Meralgia paraesthetica is a pain condition which is relatively common but not well recognised and which gives pain, numbness and tingling in the front and outer side of the thigh. Described many years ago in the 19th century, it was soon deduced that this syndrome was due to compression of a nerve in the nearby area, the lateral cutaneous nerve of the thigh. This nerve is a sensory nerve which transmits feelings and has no muscular activation powers, supplying the feeling in the described areas of the thigh. The frequency of this condition is not clear but it does not appear to be common, however it may be under diagnosed.
This condition can be mistaken for a series of other musculoskeletal conditions such as nerve root compression, referred spinal pain and trochanteric bursitis and may be bilateral at times. The most common cause of this syndrome is inappropriate pressure on the on the nerve at particular points where it can be trapped. Being overweight may be a risk factor for this condition and it has been recorded as being caused by a tight belt. Various surgical procedures can be aggravating factors such as hip replacement, bone grafting and surgery to the quadriceps.
The lateral femoral cutaneous nerve is liable to being compressed at various sites along its length, emerging initially from within the psoas muscle, running beneath a ligament called the inguinal ligament, round the bony prominence at the top and side of the anterior pelvis and exiting into the leg through the firm connective tissue layer known as the fascia lata. The commonest type of nerve injury is a neurapraxia, the least serious, where the nerve responds to the compression by the loss of some of the insulating sheath or myelin sheath.
In a neurapraxia the nerve axon itself is not damaged and this grade of injury is one which recovers completely over a relatively short period up to a few months. If the axon tube itself is disrupted then the injury is classified as an axonotmesis, with the length of nerve axon degenerating all the way up to its cell body. Regeneration from this point is extremely slow leading to a very long period the patient has to wait if the injury is to resolve over time. A nerve which has been severely injured so the cut ends do no longer contact each other has no likelihood of showing any recovery unless surgery is employed.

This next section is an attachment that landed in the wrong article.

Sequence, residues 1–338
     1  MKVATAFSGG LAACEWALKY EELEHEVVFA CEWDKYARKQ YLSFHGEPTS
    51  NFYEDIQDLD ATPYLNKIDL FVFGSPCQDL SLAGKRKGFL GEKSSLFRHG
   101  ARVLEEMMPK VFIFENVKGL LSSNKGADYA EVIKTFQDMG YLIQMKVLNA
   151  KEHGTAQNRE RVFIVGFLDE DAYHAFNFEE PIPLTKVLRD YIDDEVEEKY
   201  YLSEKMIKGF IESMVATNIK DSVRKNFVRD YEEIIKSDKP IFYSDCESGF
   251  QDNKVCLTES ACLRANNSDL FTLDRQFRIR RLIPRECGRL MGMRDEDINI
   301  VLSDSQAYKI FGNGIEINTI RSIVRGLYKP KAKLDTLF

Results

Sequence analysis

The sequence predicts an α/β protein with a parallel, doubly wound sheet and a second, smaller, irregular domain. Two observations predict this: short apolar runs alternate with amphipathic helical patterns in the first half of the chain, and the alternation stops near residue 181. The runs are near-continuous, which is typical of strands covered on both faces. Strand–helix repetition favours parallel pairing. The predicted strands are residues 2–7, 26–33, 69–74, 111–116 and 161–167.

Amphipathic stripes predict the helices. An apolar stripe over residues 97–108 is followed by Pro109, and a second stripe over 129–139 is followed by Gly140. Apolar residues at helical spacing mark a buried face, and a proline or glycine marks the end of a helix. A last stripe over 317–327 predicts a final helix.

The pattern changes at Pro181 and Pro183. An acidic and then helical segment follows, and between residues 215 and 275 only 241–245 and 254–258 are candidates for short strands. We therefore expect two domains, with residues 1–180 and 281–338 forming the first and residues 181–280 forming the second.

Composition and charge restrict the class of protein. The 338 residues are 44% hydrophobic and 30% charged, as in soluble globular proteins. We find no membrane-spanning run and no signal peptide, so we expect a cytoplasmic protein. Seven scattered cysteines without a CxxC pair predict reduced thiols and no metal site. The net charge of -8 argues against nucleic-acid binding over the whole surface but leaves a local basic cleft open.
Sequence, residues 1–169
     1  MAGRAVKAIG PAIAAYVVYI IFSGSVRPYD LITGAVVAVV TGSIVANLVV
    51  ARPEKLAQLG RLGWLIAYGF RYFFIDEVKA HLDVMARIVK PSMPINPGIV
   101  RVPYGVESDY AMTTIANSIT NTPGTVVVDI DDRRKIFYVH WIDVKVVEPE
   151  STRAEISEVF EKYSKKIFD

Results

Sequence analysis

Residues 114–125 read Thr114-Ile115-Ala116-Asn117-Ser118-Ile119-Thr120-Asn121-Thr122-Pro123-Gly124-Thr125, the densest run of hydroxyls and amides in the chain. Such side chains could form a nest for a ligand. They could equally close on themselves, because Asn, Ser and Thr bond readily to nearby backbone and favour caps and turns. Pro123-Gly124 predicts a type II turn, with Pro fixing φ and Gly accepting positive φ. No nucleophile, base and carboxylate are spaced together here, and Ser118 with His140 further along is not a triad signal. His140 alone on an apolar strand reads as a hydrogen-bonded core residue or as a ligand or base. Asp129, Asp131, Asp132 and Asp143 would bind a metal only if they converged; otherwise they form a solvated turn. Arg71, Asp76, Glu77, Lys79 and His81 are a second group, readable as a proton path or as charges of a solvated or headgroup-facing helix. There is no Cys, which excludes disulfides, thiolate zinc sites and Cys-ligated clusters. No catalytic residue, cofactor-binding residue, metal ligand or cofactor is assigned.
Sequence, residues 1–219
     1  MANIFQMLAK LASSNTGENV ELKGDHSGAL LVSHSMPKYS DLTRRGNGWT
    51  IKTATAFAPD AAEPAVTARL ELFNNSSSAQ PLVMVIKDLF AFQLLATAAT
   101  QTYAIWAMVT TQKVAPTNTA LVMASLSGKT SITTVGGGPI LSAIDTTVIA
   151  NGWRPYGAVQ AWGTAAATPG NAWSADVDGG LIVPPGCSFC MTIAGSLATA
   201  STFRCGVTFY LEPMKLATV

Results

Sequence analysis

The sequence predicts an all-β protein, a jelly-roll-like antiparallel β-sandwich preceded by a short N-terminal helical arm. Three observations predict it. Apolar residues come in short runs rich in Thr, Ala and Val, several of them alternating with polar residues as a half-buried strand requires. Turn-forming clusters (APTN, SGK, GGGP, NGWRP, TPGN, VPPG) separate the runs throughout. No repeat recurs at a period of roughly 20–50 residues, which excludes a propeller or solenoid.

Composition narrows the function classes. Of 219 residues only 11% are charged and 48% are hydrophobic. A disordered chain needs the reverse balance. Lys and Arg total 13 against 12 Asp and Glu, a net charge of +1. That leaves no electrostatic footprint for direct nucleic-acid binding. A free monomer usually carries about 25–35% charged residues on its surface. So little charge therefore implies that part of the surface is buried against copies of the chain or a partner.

During the examination the patient should be questioned about the occurrence of any injuries which could have contributed to their problems. The physical examination should record an altered ability to feel skin sensations on the lateral and anterior parts of the thigh with symptoms such as numbness, burning pain, pins and needles and reduced sensation. Typically symptom onset is insidious, coming on slowly at an initially low level and not referring further than knee level. Pain can vary from a dull aching to the more recognisable burning and sharp sensations. Symptom area can be variable depending on how severe it is.
The initial goal of treatment is to establish where and what the problem of compression is likely to be, as correcting a tight belt, fitted clothing or heavy objects carried on the waist can be a useful first strategy. Loss of weight in obese patients can be sufficient to change things so that some symptom resolution is achieved. The ergonomics of work may also be important to eliminate obviously risky postures or movements. A doctor may give corticosteroids or anaesthetic drugs by local injection to limit the inflammatory changes or break the pain cycles.
The lateral cutaneous nerve of the thigh can vary considerably in its anatomical course so any injections and surgery have to take account of these potential variations. Once the compression has been released the nerve tends to recover spontaneously. Injections can be considered if activity modification does not help, and surgery if all else fails with techniques including neurolysis which is nerve destruction by chemical injection or by other means. The nerve can also be cut or can be decompressed at the various potential compressive sites in the pelvis and thigh. Reports on groups of patients undergoing surgery have generally shown positive results.